Figure 2. Installed electricity generation capacity evolution by producer in Israel (percent of total) as of December each year 2015-19 and 2020 projection: IEC (blue) and Private Producers including renewables (red).
In terms of electricity generation and supply, 72.5 million kWh were produced in 2019 in the Israeli market, up from 69.6 million kWh in 2018. IEC produced 65.9% and added with electricity purchased from private producers, the IEC altogether controlled 77.8% of total electricity supply, whereas the remaining 22.2% consisted of output supplied by private producers directly to customers or schemes of self-consumption (small PV producers and three conventional power plants). Private generation share hence reached 34.1% during 2019 and is expected to continue rising through 2020 to surpass 38%. This implies a significant overshoot of governmental original target of 20% private electricity production by 2020.
Figure 3. Supply of electricity by producer in Israel during 2019: IEC (blue), Private Producers who sell directly to consumers (red) and Private Producers who sell electricity to IEC for later distribution (green).
In 2019, the generation segment was relying on a mix of fuels, dominated by natural gas and coal - both utilized by the IEC as primary fuels. Secondary fuels of the IEC were diesel, oil fuel and methanol. Private generation facilities were primary relying on natural gas, while diesel, oil fuel and renewables were secondary energy sources. When combined, the electricity generation segment continued to be dominated by natural gas as the primary energy source (60.8% by capacity, 63.4% by generation), with coal as the secondary source (25.6% by capacity, 32.8% by generation) and third place taken by renewables (10.5% by capacity, 5.0% by generation) – predominantly solar PV technology (8.9% by capacity, 3.6% by generation). Other sources, including other fossil fuels contributed a tiny fraction (1.1% of total capacity, 1.1% of total generation). In 2020, renewables' share is expected to experience further growth, reaching about 12% of total capacity and 7% of total generation.
Figure 4. Capacity of the electricity generation segment in Israel by primary fuel type as of December 2019. Notes: diesel is calculated combined with methanol; natural gas is including both CNG and LNG.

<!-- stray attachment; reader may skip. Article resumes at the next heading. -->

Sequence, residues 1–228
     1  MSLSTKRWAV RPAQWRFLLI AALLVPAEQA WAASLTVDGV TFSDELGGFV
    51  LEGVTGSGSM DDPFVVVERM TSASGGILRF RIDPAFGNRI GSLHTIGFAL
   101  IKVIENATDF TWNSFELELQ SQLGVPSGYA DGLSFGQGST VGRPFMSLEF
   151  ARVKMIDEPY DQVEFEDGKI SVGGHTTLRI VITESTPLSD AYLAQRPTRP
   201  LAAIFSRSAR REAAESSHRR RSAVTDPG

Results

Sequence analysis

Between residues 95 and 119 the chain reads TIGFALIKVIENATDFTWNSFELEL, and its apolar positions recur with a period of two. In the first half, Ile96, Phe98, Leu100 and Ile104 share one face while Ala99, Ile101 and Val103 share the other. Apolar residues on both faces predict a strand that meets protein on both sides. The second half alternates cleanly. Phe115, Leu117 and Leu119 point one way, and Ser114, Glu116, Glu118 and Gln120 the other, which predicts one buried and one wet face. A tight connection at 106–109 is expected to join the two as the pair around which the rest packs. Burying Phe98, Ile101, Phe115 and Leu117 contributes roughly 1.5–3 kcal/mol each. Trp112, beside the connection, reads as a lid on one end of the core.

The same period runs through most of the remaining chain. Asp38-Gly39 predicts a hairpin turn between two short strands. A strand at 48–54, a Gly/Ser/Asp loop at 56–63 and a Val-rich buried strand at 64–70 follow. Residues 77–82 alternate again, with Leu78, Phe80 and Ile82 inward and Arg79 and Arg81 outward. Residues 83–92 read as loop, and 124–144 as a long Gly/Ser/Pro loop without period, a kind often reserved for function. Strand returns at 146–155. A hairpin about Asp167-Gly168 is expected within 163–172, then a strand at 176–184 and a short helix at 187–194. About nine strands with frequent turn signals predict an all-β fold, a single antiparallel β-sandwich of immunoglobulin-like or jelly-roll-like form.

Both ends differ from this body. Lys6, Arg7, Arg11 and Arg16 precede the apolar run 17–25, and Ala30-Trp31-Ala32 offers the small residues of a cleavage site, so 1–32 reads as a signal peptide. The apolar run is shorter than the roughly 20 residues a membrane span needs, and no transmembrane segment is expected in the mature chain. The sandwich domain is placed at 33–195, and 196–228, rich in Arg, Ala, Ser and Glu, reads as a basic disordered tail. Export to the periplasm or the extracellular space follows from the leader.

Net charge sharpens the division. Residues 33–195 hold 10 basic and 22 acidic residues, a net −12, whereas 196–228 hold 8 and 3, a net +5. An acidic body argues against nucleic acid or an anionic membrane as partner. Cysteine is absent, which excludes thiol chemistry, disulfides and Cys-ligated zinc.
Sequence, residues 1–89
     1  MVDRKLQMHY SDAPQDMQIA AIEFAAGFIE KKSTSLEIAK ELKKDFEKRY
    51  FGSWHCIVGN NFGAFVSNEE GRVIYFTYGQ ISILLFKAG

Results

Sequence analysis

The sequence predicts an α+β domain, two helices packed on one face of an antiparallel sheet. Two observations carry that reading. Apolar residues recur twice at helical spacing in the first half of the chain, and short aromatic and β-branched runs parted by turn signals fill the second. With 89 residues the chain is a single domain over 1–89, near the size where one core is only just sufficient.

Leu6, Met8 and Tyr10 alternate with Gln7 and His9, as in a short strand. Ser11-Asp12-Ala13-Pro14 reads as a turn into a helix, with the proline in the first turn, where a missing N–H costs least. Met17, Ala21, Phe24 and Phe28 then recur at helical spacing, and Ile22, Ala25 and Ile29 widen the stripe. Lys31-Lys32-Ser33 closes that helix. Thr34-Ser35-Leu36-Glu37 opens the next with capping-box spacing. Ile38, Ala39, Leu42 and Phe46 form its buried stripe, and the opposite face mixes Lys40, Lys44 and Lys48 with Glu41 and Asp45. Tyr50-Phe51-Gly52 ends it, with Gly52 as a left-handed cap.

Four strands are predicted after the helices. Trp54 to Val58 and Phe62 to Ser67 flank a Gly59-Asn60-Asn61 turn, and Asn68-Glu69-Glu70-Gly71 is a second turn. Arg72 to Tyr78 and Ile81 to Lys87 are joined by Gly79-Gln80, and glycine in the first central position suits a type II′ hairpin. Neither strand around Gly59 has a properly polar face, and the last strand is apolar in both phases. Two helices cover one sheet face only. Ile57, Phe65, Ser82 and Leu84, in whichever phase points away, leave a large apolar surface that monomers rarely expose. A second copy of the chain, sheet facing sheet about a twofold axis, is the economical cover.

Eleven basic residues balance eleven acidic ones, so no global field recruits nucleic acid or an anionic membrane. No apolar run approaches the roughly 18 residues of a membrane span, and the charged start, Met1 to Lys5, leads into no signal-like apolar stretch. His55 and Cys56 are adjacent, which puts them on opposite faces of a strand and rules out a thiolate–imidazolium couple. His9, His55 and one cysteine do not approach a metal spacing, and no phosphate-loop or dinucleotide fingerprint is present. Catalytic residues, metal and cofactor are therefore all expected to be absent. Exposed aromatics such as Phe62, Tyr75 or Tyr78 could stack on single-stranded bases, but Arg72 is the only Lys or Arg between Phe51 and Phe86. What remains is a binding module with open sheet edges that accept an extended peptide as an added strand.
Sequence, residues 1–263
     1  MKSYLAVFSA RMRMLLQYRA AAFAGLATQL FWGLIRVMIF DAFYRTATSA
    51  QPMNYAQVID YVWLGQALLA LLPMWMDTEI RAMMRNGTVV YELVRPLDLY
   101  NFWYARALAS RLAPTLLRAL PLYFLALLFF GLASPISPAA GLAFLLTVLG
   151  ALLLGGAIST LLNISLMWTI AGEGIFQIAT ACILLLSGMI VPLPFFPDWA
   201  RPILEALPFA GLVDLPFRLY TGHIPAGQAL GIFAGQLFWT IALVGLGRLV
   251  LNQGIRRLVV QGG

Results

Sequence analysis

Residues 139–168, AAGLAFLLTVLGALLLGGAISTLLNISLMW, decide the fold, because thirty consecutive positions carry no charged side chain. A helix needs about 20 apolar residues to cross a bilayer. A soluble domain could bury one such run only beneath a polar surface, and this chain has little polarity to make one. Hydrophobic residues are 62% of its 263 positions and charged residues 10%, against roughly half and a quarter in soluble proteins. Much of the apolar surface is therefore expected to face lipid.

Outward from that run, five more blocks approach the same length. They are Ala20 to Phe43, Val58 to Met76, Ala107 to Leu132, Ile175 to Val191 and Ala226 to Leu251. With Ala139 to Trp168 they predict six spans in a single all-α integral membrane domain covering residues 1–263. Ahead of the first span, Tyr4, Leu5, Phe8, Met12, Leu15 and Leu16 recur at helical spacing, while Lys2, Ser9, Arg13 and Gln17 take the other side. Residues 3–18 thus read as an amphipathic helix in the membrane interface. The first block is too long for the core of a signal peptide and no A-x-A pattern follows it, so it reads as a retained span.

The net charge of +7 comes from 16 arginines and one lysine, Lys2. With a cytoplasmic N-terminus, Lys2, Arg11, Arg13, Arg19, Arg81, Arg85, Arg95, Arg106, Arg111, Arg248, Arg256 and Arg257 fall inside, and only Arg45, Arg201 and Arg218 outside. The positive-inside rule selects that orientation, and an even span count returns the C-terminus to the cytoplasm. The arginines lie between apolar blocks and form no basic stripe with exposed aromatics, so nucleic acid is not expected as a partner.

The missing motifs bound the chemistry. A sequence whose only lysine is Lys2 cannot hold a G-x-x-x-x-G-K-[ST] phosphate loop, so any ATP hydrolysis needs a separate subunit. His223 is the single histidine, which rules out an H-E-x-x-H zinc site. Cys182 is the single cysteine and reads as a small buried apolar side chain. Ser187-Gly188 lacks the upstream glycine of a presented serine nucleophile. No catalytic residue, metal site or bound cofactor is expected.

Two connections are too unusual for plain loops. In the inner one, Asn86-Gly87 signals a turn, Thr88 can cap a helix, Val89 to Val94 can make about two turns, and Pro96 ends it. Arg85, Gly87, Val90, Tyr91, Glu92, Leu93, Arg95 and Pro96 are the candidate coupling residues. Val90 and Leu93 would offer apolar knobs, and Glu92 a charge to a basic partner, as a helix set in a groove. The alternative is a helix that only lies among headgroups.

In 2019, grid supply per capita slightly decreased from 6.4 thousand kWh in 2018 to 6.3 thousand kWh annually, whereas the electricity demand per capita also remained stable at 5.9 thousand kWh annually. Total electricity generation per capita in Israel was 8.1 thousand kWh annually, slightly increasing from 2017 and 2018, when it was at 7.8 thousand kWh.
Figure 5. Development of grid demand and grid supply per capita in Israel during 2010-18.
In the past, the Electricity Authority estimated that the growth in electricity demand in upcoming years is to be at 2.7% annually, which is slightly above the demographic growth rate. The growth of electricity demand in Israel in 2018 was just about 2.0%, but rebounded to 4.1% annual growth in 2019; this year (2020) will likely experience flat growth due to the Covid19 crisis. Though there is still a total electricity demand growth due to demographic expansion, the only expectation for electricity demand growth is wide-spread adoption of electric vehicles in the near future.
The transmission and distribution segments continued to be controlled by the IEC, but after the adoption of the Electricity Reform, the grid control department was split into a separate company in 2019 and received operation license in June 2020. Distribution segment has about 10% share controlled by the Kibbutzim and the rest by IEC; more players are expected to enter this segment upon the implementation of the market reform.
The off-grid electricity market in Israel is essentially small, estimated at only several megawatts deployed in desolate locations, including diesel generators and solar PV collectors.